The Brera Madonna (also known as the Pala di Brera, the Montefeltro Altarpiece or Brera Altarpiece) is a painting by the Italian Renaissance master Piero della Francesca, executed in 1472-1474. It is housed in the Pinacoteca di Brera of Milan, where it was deposited by Napoleon.

The work, of a type known as a sacra conversazione, was commissioned by Federico III da Montefeltro, Duke of Urbino, to celebrate the birth of Federico’s son, Guidobaldo. According to other sources, it would celebrate his conquest of several castles in the Maremma.

6. Biblioteca Ambrosiana

MAP - Biblioteca Ambrosiana

Biblioteca_Ambrosiana_2010

 

The Biblioteca Ambrosiana is a historic library in Milan, Italy, also housing the Pinacoteca Ambrosiana, the Ambrosian art gallery. Named after Ambrose, the patron saint of Milan, it was founded by Cardinal Federico Borromeo (1564–1631), whose agents scoured Western Europe and even Greece and Syria for books and manuscripts. Some major acquisitions of complete libraries were the manuscripts of the Benedictine monastery of Bobbio (1606) and the library of the PaduanVincenzo Pinelli, whose more than 800 manuscripts filled 70 cases when they were sent to Milan and included the famous Iliad, the Ilia Picta.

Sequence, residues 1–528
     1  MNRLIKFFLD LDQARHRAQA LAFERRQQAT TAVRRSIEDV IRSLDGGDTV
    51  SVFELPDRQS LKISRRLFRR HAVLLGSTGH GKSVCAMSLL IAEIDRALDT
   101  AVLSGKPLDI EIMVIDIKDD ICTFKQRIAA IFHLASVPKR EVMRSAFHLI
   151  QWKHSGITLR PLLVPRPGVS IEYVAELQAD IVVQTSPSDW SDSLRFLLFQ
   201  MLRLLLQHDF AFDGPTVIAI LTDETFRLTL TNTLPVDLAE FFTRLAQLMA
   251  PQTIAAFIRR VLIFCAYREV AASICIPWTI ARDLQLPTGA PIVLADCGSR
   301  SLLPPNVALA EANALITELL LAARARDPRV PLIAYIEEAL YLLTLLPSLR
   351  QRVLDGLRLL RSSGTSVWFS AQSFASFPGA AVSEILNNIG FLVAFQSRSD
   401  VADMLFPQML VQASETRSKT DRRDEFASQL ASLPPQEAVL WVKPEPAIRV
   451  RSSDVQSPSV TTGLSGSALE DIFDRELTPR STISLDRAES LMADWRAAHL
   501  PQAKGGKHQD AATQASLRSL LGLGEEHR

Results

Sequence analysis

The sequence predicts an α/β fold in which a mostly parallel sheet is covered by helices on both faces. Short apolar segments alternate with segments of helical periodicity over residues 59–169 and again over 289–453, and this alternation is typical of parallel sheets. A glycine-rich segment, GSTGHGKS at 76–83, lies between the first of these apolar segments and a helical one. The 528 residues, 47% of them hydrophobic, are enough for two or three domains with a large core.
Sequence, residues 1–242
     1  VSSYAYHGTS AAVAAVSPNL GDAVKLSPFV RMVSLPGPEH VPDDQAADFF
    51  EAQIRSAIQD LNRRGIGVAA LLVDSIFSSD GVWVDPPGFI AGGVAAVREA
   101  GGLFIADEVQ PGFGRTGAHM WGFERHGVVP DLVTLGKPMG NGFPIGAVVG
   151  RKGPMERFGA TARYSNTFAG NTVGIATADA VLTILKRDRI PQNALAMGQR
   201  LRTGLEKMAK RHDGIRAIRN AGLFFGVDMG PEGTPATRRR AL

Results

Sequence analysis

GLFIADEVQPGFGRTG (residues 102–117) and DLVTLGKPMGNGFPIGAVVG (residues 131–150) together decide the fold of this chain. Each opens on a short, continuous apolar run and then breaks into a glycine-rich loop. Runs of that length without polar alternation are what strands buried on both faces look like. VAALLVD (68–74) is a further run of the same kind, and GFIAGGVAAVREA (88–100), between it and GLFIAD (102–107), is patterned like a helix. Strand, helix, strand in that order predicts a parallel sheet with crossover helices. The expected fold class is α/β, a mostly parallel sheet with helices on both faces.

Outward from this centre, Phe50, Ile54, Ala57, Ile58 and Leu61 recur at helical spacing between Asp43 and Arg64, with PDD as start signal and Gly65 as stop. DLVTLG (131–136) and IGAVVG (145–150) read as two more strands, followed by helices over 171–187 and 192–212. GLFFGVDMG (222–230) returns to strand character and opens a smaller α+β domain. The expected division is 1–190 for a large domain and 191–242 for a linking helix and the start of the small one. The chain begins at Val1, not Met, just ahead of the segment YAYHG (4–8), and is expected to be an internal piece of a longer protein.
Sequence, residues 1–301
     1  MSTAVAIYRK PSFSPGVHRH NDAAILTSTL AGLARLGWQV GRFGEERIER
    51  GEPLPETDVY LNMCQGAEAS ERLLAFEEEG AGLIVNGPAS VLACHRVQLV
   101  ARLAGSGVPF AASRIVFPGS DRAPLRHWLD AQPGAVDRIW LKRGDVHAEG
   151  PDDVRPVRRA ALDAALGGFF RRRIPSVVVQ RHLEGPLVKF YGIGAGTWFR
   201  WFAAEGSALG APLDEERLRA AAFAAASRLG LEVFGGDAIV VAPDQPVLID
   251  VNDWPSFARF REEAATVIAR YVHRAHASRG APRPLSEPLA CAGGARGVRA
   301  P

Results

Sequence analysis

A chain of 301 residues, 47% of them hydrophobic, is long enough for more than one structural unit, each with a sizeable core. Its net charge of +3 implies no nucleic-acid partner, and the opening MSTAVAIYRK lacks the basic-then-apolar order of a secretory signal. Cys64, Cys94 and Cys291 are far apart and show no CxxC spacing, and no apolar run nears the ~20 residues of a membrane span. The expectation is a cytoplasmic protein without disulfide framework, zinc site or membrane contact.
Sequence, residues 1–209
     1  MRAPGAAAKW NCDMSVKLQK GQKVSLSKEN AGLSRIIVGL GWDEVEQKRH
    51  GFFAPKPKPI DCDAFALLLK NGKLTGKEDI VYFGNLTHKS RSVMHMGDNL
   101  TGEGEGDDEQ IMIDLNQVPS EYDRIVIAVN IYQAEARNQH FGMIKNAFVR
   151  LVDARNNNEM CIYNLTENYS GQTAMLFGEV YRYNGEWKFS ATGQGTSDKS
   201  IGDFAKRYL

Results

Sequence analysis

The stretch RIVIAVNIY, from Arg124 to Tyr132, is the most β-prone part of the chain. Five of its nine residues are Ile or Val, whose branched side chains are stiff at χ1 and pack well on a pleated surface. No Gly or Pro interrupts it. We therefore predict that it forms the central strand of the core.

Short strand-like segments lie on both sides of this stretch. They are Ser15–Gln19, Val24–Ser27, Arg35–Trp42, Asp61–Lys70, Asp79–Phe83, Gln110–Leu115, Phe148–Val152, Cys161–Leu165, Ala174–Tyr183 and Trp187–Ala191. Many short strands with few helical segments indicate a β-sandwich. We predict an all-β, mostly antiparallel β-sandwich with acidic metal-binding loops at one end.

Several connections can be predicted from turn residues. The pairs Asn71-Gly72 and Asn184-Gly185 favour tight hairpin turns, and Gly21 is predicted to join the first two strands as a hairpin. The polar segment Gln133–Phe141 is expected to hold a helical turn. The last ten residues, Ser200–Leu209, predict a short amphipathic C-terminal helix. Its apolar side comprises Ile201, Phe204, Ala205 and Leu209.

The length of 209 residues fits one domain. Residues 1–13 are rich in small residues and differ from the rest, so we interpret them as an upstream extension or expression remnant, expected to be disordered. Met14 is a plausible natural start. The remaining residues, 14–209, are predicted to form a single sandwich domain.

I’m after two important painting here:

a) Portrait of a Musician (Leonardo da Vinci)

Leonardo_da_Vinci_-_Franchino_Gaffurio

 

Artist Leonardo da Vinci
Year 1490
Type Oil on wood panel
Dimensions 45 cm × 32 cm (18 in × 13 in)
Location Pinacoteca Ambrosiana, Milan

..and even better:

b) Basket of Fruit (Caravaggio)

caravaggio basket of fruit

Basket of Fruit (c.1599) is a painting by the Italian Baroque master Michelangelo Merisi da Caravaggio (1571–1610), which hangs in the Biblioteca Ambrosiana (Ambrosian Library), Milan.

Check out my other travel posts:

Facts from Wikipedia & Selected artwork inspired by many different sources… books, websites, TTC videos & most important of course.. personal taste.